Today I learned that May 23rd is Lucky Penny Day.
DeShawn and Penny raced down the uneven sidewalk, both determined to reach the intersection before the other. DeShawn flailed his skinny arms as if they’d propel him like bird wings. Penny’s tight, black braids were more airborne. Together they hopped over the hump where the oak tree’s root split the concrete. DeShawn landed, then plowed forward like a linebacker. Penny’s landing was graceful until an untied shoelace tripped her into a belly flop.
“Ouch, DeShawn, you pushed me!”
“I did not,” the boy shouted mostly out of habit as he kept running.
Penny scrambled to her feet but the ache in her knees kept her from chasing after him. She looked down at the checkered red cuts the pavement had left and gasped. When she brushed the pebbles from her wounds, they stung worse than bees. She winced and clenched her fists, not wanting DeShawn to call her a baby for crying.
“Now see this is why I tell you two not to run. Brush ’em off Penny and–Deshawn, get back here!”
“Nana, I need band-aids.”
“You’ll have to wait ’til we get back home.”
“Come on! We’re gunna miss the ice cream!” DeShawn whined, wriggling impatiently as he returned to his grandmother.
“There’s no reason to hurry,” Nana sighed. “Penny, tie your shoe before you trip again. The store doesn’t close ’til nighttime and by then you’ll be in bed.”
“Hey, look!” Crouched over her half-tied shoe, Penny squinted at the copper glint in the tree root. She shuffled toward it. A shiny penny, not even a year old, had fallen into the crack she tripped over.
“Penny, come on now.”
“Look, I found a penny!”
“That’s nice, dear. Put it in your pocket before you lose it.”
“DeShawn, look what I found!” Penny boasted. She shoved her coin into her brother’s face. He frowned.
“So? It’s just a penny.”
“It’s a lucky penny, just like me.”
“It’s not lucky. I bet that’s what tripped you.”
“The tree tripped me, stupid!”
“Now, that’s enough both of you,” Nana warned, walking between her grandchildren to separate them. “Any more arguing and we’re going home without ice cream.”
DeShawn and Penny shoved themselves through the door of ice cream shop and battled their way to counter. A man in a candy-stripped uniform stood in front of the soft-serve machine like the guard of a great and delicious treasure. The siblings marveled at the glistening silver machine, both wishing the broken ice dispenser on their home fridge could dispense ice cream instead of rumbling and air.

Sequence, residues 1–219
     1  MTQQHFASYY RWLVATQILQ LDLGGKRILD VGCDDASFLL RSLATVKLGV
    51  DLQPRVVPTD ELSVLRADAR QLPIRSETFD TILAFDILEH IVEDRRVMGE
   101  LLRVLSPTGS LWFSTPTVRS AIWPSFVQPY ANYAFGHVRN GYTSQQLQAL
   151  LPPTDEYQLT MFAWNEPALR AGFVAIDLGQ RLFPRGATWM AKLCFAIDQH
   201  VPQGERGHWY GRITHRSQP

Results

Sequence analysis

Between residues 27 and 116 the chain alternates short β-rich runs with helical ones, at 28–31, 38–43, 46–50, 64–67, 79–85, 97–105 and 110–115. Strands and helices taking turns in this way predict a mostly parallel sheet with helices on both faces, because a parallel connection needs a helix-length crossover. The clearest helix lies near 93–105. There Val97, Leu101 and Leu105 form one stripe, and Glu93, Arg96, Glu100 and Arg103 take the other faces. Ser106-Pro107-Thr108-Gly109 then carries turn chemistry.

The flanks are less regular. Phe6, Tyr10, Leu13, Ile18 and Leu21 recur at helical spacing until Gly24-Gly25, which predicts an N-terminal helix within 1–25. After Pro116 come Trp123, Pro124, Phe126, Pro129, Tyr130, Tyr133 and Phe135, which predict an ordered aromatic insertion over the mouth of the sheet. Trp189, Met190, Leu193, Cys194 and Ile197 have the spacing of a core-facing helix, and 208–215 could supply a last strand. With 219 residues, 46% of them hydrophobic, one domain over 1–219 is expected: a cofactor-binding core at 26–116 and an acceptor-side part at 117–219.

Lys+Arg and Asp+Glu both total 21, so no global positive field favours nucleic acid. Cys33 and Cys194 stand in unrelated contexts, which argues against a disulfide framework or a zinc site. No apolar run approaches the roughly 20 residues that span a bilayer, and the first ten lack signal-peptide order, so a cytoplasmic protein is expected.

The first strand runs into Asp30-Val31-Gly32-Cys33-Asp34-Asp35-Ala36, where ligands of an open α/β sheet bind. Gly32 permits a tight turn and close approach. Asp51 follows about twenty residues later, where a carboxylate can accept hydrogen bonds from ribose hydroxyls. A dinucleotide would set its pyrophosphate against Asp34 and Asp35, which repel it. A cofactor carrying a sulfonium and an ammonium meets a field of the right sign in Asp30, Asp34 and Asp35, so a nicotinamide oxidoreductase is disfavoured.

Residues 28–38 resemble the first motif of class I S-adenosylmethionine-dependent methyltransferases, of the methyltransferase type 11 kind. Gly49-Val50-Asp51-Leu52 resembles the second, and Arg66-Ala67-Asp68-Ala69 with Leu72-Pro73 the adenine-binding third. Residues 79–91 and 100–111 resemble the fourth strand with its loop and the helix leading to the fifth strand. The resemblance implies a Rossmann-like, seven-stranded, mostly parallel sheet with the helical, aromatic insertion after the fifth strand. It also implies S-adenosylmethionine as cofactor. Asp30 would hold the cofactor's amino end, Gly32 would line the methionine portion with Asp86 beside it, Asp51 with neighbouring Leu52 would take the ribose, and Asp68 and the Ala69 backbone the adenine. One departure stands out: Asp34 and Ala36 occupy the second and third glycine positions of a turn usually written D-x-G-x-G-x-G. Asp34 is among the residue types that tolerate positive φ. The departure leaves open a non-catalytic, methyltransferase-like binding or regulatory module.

“Now, we only have enough for you to get small cones,” Nana said, plodding up behind them. She was rifling through her handbag, trying to gather enough nickles, dimes, and quarters to pay for two treats. The man watched as she deposited coins one by one on the counter.
“Can we get a medium cone-?”
“I just said a small cone, DeShawn. Now tell the man what you want.”
“Chocolate, please!” DeShawn drummed his hands excitedly on the counter top.
“I want vanilla, please,” Penny said. She had one hand stuffed in her pocket, spinning her lucky coin, while the other massaged the side of her knee.
“That’ll be two dollars and eight cents.”
“Let me count!” DeShawn volunteered, immediately separating the coins by denomination and adding them up aloud. “Twenty-five, fifty, seventy-five, a dollar! A dollar twenty-five, a dollar thirty, a dollar forty, a dollar-”
“Hey, Nana, we only have two dollars and seven cents,” Penny observed. DeShawn glared at her. He hadn’t yet mastered mental math.
“Well, I don’t think I have any more,” Nana muttered as she looked deep into her purse.
Penny frowned and pulled her lucky coin out of her pocket. She glanced between it and the soft serve machine, her gaze carrying the weight of the world. Quietly she placed the shiny penny on the counter with the other coins.
“Here you go, sir.”
“Oh, do we have enough now?” Nana asked as the man took the coins. He nodded, his eyes following Penny as she trudged to a booth and sunk onto the beaten red seat.
“I guess it was a lucky penny after all,” DeShawn said to try and cheer his sister up as he slipped into the seat across from her. Nana sat down and they waited in silence for the man to bring the ice cream.
“Here you are,” the he beamed, handing over two medium cones of swirling chocolate and vanilla.
“Oh, we ordered small cones.”
“I know, ma’am. Seems the machine’s broken so it pumped out too much. If you want I could put it in small cones…”
“Please, Nana, can we have these?”
“Oh, alright. But you’re brushing your teeth twice tonight.”
“It really, really was a lucky penny,” Penny smiled.
Back at the counter, the man glanced over his shoulder at the girl with the bubbly laugh, skinned knees, and generous heart, and smiled.